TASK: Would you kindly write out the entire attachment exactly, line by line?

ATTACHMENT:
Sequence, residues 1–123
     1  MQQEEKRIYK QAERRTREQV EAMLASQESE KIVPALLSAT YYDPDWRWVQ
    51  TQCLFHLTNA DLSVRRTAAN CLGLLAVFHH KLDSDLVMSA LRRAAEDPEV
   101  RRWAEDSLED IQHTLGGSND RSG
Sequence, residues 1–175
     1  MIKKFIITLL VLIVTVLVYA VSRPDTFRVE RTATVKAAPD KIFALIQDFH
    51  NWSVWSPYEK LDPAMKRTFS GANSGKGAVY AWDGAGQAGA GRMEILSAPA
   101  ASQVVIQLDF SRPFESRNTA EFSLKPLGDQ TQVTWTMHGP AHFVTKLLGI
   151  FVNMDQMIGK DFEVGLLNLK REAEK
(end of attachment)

Sequence, residues 1–123
     1  MQQEEKRIYK QAERRTREQV EAMLASQESE KIVPALLSAT YYDPDWRWVQ
    51  TQCLFHLTNA DLSVRRTAAN CLGLLAVFHH KLDSDLVMSA LRRAAEDPEV
   101  RRWAEDSLED IQHTLGGSND RSG
Sequence, residues 1–175
     1  MIKKFIITLL VLIVTVLVYA VSRPDTFRVE RTATVKAAPD KIFALIQDFH
    51  NWSVWSPYEK LDPAMKRTFS GANSGKGAVY AWDGAGQAGA GRMEILSAPA
   101  ASQVVIQLDF SRPFESRNTA EFSLKPLGDQ TQVTWTMHGP AHFVTKLLGI
   151  FVNMDQMIGK DFEVGLLNLK REAEK